Patent foramen ovale

Last revised by Dr David Carroll on 30 Jul 2022

A patent foramen ovale (PFO) is an anatomical variant of the atrial septum in which there is incomplete fusion of the interface between the embryologic septum primum and secundum; this may result in intracardiac shunting

Despite anatomical proximity and potential hemodynamic similarities, a PFO is considered distinct from pathologic congenital cardiac defects (e.g. atrial septal defects) 21;

  • its presence is normal during embryologic life
  • persistence into adult life is common with an incidence of 20–35% of the population
  • shunting is functional rather than anatomic, and typically requires reversal of the physiologic gradient of interatrial pressure, commonly absent without provocation 

It is therefore most commonly referred to as an anatomical variant of the interatrial septum as opposed to a pathologic defect.

The presence of a patent foramen ovale has been variably associated with a higher prevalence of the following 22:

  • acute ischemic stroke
    • defect size and degree of shunting may correlate with risk, closure may be selectively considered to mitigate recurrence 
    • common association in younger populations without conventional historical risk factors
  • chronic migraine headaches
  • platypnea-orthodeoxia 26
  • dysbarism
    • associated with severe decompression sickness in divers 23
    • integumentary and neurologic manifestations common
  • carcinoid heart disease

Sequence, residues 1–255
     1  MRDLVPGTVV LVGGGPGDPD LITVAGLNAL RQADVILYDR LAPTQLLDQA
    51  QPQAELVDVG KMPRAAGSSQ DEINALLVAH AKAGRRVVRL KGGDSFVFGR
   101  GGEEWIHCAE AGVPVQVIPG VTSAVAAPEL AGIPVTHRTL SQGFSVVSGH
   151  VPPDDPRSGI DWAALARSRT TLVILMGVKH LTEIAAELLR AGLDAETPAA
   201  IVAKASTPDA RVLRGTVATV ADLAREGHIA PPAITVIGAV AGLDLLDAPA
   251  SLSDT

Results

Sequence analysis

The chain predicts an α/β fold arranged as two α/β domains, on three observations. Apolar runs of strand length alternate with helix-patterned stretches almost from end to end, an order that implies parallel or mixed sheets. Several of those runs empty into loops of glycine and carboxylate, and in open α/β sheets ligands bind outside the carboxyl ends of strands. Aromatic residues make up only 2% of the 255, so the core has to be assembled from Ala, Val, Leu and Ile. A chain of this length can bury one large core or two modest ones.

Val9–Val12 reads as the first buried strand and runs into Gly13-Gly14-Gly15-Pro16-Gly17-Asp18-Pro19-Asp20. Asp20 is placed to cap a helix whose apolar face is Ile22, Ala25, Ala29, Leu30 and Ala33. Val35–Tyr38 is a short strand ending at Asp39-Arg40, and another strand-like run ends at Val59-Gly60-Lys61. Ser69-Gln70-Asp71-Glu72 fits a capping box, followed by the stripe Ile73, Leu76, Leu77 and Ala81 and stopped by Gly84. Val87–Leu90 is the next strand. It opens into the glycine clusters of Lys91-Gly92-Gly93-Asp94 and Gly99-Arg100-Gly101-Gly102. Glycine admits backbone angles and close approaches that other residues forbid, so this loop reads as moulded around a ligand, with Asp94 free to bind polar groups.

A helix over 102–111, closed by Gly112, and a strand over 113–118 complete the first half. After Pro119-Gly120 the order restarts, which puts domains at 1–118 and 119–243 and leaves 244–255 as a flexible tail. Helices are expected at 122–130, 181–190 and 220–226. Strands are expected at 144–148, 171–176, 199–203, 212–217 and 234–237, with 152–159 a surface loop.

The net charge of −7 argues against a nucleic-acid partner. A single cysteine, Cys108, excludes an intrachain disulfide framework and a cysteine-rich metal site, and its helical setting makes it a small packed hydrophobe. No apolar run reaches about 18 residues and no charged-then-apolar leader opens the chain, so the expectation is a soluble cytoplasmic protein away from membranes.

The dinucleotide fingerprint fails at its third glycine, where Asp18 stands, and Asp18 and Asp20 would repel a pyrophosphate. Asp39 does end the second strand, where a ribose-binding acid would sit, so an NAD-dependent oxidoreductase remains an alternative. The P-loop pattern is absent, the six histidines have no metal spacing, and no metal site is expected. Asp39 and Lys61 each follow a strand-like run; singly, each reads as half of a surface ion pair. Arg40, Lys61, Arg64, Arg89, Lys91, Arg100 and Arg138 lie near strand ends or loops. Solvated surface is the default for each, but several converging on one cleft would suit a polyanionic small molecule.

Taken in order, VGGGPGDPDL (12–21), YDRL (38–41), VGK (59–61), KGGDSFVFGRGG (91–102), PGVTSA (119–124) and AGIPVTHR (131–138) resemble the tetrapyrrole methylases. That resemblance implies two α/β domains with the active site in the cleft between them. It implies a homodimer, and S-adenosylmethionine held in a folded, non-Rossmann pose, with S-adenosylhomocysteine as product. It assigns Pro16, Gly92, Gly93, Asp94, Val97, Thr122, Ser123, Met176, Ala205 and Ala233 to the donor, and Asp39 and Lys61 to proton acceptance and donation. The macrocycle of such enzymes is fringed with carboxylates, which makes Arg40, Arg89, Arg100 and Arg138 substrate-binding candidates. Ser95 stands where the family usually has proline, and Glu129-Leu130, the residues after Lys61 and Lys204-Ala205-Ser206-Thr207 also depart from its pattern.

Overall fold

Formation of the ostium secundum from confluent perforations in septum primum during cardiac development facilitates shunting of oxygenated blood from the inferior vena cava preferentially to the left atrium, and thereafter the systemic circulation. While the septum secundum grows to largely, but incompletely, overlap the septum primum and overlie this communication, the orifice remains open due to a physiologic gradient of pressure right-to-left facilitated by the high resistance pulmonary circulation and the jet of pressure generated by the orientation of the Eustachian valve.

Reversal in the interatrial pressure gradient at birth results in apposition of the septum primum and secundum; this may result in subsequent fusion (typically complete within the first year of life) and closure, or a highly variable persistence of this interatrial communication ranging from a subtle flap-like orifice to a widely patent, long and serpentine tunnel 11.

One method of classifying PFOs uses binary division into simple or complex, with the latter characterized by one or more of the following characteristics 10:

  • defect anatomy
    • length exceeding 8 mm ("long tunnel")
    • wide atrial orifice
  • degree of shunting
    • shunting present at rest
    • complete left atrial opacification with agitated saline administration
  • associated features
    • atrial septal aneurysm
    • increased thickness of the septum secundum
    • prominent Eustachian ridge

Transthoracic echocardiography may suggest the presence of a patent foramen ovale by demonstrating right-to-left shunting not explained by a structural anomaly (e.g. atrial septal defect). As shunting may be intermittent and the interatrial pressure gradient insufficiently large to result in reliable detection with color flow Doppler, provocative maneuvers (e.g. Valsalva) and contrast enhancement are utilized to optimize detection 12. Transesophageal echocardiography is superior in its ability to diagnose the presence of a PFO and fully delineate atrial septal anatomy and the presence of associated defects . Other modalities which have been variably utilized include: